Dress, vows, “I do”, “So do I”, reception, bouquet toss, sleep (or not), Brunch.
All this, just so you can ultimately go on your Honeymoon.
And chances are, with the nearly endless selection of exotic and wonderful places to spend your Honeymoon, you’ll likely be spending a significant amount of time within the confines of an airplane. Here are some airplane tips to help make your flight even just a little more pleasant.
Airplane air is recycled and tends to be very dry. Drink lots of water to re-hydrate and replenish the moisture you are losing. Some studies show an added benefit, in that water seems to reduce the effects of jet lag. While we’re on the subject of fluids, you’ll need to keep in mind that alcoholic beverages consumed while you are airborne are much more potent than when they are consumed on the ground. If you have a low alcohol tolerance, it’s best to stick to water when in the air.
Anyone who has flown with a cold or sinus infection knows how painful takeoff and landing can be. The use of a nasal spray or a decongestant can reduce the pain significantly. Check with your physician. There are several earplugs now on the market which also help to reduce ear pressure. Ask your pharmacist about them. The old chewing gum trick still works ease the pain that comes with popping ears.
There are several simple things you can do when you fly to keep your body comfortable in rather uncomfortable quarters. The way in which you dress can seriously influence your comfort level while flying. Loose, cotton clothes are best. Layering your clothing allows you to adjust your comfort level as the temperature around you climbs or falls.
Before you sit down in your seat, take a moment in the waiting are to stretch. To reduce your body stress, take a few deep breaths and stretch your back, neck and shoulders. Before you sit down, put the back of your hand against the base of your back. Locate the curve (lumbar region). Pad your lumbar area, using a rolled up sweater, pillow or blanket. That will help to support your back. If you can, do the same for the gap between your neck and the head rest. Changing the thickness and position of those support items during flight will help keep your body relaxed. Once the “fasten your seatbelt” sign is turned off, get out of your seat every so often so that you can stretch your legs, neck and shoulders and increase your circulation.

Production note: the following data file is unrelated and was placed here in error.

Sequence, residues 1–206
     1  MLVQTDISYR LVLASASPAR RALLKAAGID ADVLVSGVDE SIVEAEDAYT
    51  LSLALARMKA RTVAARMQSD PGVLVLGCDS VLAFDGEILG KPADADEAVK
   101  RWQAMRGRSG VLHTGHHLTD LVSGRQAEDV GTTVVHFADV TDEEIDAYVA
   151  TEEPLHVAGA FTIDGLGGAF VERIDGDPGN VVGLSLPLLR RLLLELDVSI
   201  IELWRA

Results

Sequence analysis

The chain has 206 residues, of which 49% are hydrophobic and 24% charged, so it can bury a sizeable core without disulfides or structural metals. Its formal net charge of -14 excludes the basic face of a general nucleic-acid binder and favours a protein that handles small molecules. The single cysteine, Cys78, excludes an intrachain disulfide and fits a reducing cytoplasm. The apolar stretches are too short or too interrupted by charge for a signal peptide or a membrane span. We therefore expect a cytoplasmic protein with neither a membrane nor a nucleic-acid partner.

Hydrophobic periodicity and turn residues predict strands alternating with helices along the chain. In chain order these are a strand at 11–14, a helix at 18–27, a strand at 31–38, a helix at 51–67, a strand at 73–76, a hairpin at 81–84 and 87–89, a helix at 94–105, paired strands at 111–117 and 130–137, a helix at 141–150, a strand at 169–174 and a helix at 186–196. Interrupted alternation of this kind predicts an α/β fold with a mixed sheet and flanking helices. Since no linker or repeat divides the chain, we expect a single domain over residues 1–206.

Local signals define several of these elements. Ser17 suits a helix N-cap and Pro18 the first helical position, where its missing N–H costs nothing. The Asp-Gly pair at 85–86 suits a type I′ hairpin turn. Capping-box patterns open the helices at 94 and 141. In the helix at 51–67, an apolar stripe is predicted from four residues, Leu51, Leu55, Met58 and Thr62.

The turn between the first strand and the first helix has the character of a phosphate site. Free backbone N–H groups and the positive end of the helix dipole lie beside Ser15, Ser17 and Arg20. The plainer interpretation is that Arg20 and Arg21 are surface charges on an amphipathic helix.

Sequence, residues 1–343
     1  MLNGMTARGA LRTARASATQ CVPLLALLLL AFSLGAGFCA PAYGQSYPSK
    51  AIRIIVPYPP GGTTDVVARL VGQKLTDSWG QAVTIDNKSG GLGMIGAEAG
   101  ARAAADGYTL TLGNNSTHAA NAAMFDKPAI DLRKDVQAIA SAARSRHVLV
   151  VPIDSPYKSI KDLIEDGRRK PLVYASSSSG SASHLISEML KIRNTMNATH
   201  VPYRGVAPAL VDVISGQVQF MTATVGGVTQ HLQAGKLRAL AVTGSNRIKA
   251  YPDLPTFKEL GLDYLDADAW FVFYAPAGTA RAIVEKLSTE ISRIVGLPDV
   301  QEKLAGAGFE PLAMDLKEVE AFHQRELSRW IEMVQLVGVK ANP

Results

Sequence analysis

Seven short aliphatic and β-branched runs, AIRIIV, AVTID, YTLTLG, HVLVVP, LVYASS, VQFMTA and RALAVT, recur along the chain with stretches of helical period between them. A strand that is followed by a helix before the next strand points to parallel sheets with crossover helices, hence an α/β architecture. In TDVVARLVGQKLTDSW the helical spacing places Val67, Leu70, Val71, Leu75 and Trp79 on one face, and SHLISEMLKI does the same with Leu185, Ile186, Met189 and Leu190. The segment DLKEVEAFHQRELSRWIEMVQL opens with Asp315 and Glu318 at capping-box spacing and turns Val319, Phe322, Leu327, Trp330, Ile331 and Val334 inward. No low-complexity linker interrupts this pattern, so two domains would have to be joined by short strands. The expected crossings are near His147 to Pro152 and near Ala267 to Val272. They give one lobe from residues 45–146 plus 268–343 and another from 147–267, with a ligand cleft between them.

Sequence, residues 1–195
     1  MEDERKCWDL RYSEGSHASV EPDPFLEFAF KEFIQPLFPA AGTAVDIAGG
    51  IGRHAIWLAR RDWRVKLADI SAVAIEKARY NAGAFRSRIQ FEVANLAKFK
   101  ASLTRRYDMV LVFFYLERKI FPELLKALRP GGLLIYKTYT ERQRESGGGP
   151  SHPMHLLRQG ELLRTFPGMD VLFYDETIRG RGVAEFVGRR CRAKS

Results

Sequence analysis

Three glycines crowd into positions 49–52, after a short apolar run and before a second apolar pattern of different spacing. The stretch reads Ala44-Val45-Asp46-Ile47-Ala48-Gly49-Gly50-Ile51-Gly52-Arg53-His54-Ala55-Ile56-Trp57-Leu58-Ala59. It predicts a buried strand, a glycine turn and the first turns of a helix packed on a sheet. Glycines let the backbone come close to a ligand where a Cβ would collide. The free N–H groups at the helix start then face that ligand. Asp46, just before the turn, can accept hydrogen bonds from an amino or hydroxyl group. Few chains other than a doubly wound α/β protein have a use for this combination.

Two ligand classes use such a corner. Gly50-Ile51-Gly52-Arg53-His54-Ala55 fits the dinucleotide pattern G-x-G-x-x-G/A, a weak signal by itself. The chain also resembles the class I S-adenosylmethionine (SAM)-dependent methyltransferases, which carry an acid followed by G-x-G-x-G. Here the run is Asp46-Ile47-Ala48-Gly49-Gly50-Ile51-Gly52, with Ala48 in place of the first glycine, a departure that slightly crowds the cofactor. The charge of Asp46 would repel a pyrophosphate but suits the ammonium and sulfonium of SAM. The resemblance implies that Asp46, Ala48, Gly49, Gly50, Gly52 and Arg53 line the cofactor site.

A good isometric exercise for arms and upper chest is to press down hard on the armrest of your seat. Hold for a count of five. Then grab under the arm rest and pull up for a count of five. Repeat this exercise five times.
Most airplane travelers experience some swelling (especially in their legs) because of the changes in cabin pressure. Another great airplane tip is to try to shift your position often during the flight, paying special attention to moving your legs around. If possible, raise your feet off the cabin floor by resting them on a piece of luggage or a book, placed under the seat in front of you. Do some leg flexing and extensions to increase your circulation and/or massage your legs and calves in order to increase blood flow.